KASTE: Or in this case a middlewoman, a stylishly dressed Brazilian named Maria Costa, who juggles cell phone calls while simultaneously scolding two workers in Portuguese. They don't like the deal she's negotiated with the owner of the house. She warns them that if they reject it, good luck finding work. After the argument, she climbs into her Toyota truck. It has a new satellite navigation system to help her find the Brazilian workers scattered around this ruined city.

Ms. MARIA COSTA (New Orleans construction contractor): They call me and say Maria, we have this customer here want to hire us, but they, they don't have the language to talk so I go there, they tell me I want, like, suppose $2000 to finish this house. Then I say to the contractor, okay, $2000 for them, $500.00 for me.

KASTE: The Americans pay her and she pays the Brazilians, but she doesn't worry about being caught employing illegal immigrants.

Ms. COSTA: It doesn't come up for anybody, even the big ones or the small ones because they're not, we're not hiring nobody, everybody's here are self-contractor. There's no employees at all. We don't even talk about it, everybody's their own contractor.

(Soundbite of television)

KASTE: Inside the house, a couple of the workers are trying to tune in a Spanish soap opera on a borrowed cable connection. As the workday ends they try to create a homey atmosphere amid the power tools and the uncut sheetrock. The man they calls pops is Jose Cochino. He has an easy, goofy laugh, but he also admits to feeling a little lost in America.

Mr. JOSE COCHINO (Illegal immigrant): (Speaking foreign language)

KASTE: It's tough because you can't talk to people, he says, they often don't know where you're from and they don't know what you were back in your own country.

In Brazil, Cochino was a pioneer. He cleared land and raised cattle in the Amazon, but he lost it all and now at age 50 he's starting over again in New Orleans. Scrubbing mold in hotels, hauling refrigerators and now learning to use a nail gun. He says he likes working for Americans, but he doesn't like the middle men.

Mr. COCHINO: (Speaking foreign language)

Brazilians try to exploit other Brazilians, he says sadly. Cochino will be at the mercy of these middle men as long as Americans won't take on the legal risks, not to mention the payroll taxes involved in hiring him directly.

Martin Kaste, NPR News.

NORRIS: The Brazilians who come to the U.S. illegally are often financed by loan sharks back home. Learn more about that and check out an essay from Martin Kaste. You can find his reporter's notebook at

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For Poor Brazilians, a Perilous, Illegal Journey to U.S.

I've been hearing Portuguese in the streets of New Orleans since almost immediately after Katrina. It's a familiar sound to me, because I lived in Brazil for five years, covering South America for NPR. Now I'm on the National Desk, and I've been helping out in the Katrina coverage, but there they are again -- Brazilian voices.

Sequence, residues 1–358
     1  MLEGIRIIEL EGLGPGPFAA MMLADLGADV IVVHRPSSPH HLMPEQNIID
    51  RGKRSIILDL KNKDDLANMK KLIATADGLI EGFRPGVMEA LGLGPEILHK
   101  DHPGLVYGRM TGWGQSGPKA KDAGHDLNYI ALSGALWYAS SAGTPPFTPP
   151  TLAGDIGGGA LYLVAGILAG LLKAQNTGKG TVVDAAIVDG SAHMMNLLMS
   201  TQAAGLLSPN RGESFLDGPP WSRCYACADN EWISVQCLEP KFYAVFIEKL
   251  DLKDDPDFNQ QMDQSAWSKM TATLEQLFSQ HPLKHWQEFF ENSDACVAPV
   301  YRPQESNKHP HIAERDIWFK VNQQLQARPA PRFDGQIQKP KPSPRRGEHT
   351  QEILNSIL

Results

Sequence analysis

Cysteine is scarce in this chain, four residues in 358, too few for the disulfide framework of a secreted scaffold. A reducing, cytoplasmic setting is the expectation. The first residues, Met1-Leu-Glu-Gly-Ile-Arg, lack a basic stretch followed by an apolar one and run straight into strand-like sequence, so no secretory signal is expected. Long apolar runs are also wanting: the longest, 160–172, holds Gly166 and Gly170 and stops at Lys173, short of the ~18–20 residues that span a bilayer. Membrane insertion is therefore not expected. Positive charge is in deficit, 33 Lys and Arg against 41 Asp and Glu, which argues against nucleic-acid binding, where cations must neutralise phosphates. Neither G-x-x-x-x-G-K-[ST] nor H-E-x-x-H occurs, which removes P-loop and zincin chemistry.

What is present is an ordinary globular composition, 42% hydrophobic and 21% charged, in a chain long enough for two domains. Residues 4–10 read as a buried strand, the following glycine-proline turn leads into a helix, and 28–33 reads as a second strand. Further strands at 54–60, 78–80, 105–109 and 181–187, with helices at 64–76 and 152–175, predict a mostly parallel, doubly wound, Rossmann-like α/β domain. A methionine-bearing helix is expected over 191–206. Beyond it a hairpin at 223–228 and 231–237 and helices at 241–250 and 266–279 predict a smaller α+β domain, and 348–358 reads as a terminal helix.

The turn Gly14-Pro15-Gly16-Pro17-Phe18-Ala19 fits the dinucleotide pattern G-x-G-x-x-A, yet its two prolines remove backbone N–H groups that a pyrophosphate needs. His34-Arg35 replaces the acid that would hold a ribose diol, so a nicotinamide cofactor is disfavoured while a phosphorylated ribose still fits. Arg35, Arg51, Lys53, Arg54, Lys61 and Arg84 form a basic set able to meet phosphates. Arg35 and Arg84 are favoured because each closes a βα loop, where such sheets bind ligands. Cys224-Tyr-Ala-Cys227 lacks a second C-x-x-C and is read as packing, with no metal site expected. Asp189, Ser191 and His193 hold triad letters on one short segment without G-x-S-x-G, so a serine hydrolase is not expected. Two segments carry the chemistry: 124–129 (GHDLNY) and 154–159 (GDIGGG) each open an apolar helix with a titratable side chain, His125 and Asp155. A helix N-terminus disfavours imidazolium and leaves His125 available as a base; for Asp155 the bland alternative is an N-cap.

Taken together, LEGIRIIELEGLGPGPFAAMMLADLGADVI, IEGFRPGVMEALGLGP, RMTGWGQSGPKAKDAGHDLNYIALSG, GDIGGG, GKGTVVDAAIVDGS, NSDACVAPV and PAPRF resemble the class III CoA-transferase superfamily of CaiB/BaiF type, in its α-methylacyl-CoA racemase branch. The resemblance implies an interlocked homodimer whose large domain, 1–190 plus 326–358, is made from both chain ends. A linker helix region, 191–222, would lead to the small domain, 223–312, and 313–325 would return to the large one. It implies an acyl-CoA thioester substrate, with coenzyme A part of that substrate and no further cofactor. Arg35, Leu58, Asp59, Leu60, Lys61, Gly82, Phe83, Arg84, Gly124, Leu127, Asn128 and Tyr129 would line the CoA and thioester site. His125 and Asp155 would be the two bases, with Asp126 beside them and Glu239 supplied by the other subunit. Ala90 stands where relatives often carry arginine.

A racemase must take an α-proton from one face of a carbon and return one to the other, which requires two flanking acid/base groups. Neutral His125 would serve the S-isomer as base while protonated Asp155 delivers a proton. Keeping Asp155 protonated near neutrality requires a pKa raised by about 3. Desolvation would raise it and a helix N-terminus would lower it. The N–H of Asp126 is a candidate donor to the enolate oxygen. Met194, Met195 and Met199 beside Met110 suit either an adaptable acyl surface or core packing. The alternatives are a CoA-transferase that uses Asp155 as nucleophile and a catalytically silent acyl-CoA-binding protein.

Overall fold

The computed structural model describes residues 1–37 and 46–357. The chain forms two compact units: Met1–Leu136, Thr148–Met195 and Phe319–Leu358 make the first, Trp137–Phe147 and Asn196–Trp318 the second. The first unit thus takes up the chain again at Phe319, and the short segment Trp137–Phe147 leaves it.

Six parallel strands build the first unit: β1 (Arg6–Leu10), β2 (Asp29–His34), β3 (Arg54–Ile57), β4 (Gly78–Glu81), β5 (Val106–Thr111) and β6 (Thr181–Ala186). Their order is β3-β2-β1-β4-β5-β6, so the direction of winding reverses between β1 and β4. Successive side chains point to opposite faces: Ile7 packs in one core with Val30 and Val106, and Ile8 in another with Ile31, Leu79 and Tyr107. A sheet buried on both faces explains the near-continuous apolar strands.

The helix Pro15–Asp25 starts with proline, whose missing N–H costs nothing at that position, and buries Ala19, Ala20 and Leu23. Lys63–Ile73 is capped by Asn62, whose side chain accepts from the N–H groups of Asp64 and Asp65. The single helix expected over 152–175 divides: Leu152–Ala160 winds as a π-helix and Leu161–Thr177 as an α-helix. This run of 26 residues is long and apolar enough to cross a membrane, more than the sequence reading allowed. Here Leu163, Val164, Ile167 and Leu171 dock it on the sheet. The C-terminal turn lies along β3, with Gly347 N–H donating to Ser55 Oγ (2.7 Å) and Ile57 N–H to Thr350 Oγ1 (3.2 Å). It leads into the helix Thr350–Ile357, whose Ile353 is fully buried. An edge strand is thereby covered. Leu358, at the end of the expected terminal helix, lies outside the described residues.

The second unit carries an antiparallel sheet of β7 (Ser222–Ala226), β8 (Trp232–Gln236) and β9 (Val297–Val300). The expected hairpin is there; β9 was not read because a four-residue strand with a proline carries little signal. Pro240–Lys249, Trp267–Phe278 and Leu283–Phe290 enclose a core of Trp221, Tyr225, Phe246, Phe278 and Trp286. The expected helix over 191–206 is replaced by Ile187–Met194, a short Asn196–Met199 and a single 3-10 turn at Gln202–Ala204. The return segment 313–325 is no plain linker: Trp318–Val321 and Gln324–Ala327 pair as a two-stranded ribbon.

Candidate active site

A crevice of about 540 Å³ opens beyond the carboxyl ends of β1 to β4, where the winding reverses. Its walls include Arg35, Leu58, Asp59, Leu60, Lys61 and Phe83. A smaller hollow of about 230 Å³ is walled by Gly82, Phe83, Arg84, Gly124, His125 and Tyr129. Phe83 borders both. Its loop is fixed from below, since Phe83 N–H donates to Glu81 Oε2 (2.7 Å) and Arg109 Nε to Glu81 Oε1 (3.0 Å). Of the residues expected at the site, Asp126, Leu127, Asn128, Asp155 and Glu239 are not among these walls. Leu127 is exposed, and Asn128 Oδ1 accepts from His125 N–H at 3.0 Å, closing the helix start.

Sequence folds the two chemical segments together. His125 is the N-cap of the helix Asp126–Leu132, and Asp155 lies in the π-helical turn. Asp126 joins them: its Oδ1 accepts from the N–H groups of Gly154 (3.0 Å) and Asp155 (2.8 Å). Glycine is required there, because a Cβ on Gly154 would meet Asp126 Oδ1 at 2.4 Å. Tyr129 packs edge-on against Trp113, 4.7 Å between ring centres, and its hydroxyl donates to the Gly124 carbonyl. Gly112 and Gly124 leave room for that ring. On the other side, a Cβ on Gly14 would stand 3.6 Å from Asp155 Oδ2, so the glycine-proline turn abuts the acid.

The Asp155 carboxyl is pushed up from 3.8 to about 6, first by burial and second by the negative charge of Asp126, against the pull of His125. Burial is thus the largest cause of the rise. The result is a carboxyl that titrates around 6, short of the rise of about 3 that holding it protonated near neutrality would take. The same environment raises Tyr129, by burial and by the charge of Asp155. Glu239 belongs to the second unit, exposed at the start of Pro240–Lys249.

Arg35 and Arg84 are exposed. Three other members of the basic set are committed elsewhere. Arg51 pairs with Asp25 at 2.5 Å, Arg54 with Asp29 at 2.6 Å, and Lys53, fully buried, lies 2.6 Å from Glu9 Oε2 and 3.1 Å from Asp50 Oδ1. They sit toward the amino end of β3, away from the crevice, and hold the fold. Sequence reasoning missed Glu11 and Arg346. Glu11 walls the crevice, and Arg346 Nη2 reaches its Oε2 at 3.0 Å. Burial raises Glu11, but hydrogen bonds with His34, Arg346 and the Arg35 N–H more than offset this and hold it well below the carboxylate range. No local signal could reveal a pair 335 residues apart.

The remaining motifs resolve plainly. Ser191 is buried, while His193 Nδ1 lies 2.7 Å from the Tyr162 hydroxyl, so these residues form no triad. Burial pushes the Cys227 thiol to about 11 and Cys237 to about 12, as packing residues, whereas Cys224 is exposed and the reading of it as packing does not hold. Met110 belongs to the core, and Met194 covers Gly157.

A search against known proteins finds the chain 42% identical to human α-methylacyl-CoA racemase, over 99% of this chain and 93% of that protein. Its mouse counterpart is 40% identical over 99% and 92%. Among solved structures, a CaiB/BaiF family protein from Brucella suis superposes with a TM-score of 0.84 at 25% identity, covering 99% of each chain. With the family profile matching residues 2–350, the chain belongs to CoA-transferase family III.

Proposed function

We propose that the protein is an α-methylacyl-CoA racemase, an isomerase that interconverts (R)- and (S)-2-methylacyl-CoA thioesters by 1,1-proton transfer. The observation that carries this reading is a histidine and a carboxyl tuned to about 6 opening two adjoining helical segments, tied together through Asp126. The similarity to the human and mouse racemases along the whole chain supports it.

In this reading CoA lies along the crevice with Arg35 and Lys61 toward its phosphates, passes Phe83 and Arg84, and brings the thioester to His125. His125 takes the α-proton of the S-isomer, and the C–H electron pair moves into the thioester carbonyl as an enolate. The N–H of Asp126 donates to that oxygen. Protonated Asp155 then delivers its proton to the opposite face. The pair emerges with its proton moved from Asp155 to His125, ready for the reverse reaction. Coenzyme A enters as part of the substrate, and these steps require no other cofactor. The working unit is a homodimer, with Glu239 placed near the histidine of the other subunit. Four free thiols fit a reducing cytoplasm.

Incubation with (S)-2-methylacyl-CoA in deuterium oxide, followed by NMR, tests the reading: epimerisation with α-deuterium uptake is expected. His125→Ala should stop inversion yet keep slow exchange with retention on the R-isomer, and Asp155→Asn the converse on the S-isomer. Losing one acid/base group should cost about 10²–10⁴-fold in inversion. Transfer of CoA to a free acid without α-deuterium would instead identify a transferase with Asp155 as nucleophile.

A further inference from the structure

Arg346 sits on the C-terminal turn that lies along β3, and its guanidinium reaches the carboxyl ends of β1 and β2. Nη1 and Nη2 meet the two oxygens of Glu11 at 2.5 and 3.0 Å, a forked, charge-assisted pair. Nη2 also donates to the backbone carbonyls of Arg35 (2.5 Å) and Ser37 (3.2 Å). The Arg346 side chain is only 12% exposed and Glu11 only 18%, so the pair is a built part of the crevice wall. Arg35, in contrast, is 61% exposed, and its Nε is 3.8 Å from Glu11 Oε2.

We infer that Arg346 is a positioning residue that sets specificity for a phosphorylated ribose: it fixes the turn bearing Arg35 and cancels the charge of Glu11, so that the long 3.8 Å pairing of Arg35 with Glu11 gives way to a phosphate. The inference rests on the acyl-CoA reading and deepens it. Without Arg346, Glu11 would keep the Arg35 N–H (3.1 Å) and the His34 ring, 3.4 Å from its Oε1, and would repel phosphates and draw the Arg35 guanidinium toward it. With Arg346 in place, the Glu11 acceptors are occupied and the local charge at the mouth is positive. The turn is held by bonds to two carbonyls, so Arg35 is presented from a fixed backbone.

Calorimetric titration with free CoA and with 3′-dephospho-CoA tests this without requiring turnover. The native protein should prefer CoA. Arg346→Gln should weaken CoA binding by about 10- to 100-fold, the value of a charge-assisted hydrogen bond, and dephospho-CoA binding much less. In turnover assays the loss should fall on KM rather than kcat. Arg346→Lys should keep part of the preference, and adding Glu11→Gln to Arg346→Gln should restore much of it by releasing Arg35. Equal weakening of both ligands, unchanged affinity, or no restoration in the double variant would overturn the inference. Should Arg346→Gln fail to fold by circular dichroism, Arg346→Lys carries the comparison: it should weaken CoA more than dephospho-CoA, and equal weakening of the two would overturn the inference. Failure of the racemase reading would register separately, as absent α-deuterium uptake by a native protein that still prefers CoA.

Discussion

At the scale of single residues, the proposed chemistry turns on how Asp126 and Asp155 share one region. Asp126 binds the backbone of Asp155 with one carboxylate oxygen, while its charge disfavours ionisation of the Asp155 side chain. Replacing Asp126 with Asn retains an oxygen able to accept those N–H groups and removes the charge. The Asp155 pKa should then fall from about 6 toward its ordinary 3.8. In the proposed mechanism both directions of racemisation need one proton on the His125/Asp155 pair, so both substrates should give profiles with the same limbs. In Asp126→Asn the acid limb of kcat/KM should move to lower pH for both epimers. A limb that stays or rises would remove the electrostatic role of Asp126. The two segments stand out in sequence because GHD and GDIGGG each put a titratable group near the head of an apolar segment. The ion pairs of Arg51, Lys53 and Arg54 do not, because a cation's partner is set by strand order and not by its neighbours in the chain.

They're part of the army of immigrant workers who came to clean up the city, just days after the storm: guys with Bahian accents hauling debris, women from Minas Gerais scrubbing the mold from hotel rooms. On my third New Orleans stint, in March, I decided it was time to switch to Portuguese and introduce myself.

The Brazilians of New Orleans live a kind of underground existence, because, of course, they're all in America illegally. The United States does not give visas to Brazilians -- at least, not to poor Brazilians like these. When you apply for a tourist visa in the American consulate in Rio, you have to show your bank records. If there's nothing in those accounts, forget it.

So they come illegally. It's more complicated for them than for Mexicans or Central Americans. Without a visa, they can't board a plane bound for the United States. Instead, the Brazilians buy what they call a "package deal." It includes airfare to Mexico City, where they're picked up by the coyotes, or people-smugglers. The coyotes actually stand there holding a sign, like limo drivers at LAX.

After a night in a hotel, the Brazilians are driven to the border in a van, then escorted across the Rio Grande in the middle of the night. On the American side, more coyotes pick them up, drive them out of the "danger zone" in which American Border Patrol might still stop them, and deliver them to Houston. From there, the immigrants make their own way to one of the bigger Brazilian ghettos in Massachusetts, Florida or, increasingly, New Orleans.

The "package deal" doesn't come cheap. Dalvani Silva, who journeyed post-storm clean up, told me she paid $11,000 -- a relative bargain, she says, because she came last year, when it was still easier for Brazilians to sneak across the Rio Grande. At the time, the Border Patrol had a "catch and release" policy: They allowed non-Mexicans to go free, as long as they promised to show up for an immigration court hearing later on. (See John Burnett's story about this from last summer.) But in recent months, the Border Patrol has clamped down, so coyotes transporting Brazilians have to do more sneaking on the American side. That means the price of the "package" is now up around $14,000.

That's money most of those making the journey don't have. They borrow it from loan sharks in Brazil, and they often hand over the deeds to their homes as collateral. Gerson, part of a crew of men rebuilding a Victorian house in New Orleans, is typical. He's been working seven days a week in New Orleans since September, and so far he's managed to send back a few thousand dollars to pay down the loan-shark debt. But the loan is growing at an interest rate of 5 percent -- that's 5 percent a month. Like many of his fellow Brazilians, it'll take Gerson a couple of years just to repay that debt. In other words, two years working in America, just to break even.

Most plan to go home. They miss their families, and the general idea is to work like a dog for three or four years, send back as much cash as possible, then go back to see how much taller your kids have grown. But some think about staying. Several times they asked me, the all-knowing reporter, when the promised amnesty law would be taking effect. I told them they might not want to count on that... at least, not this year.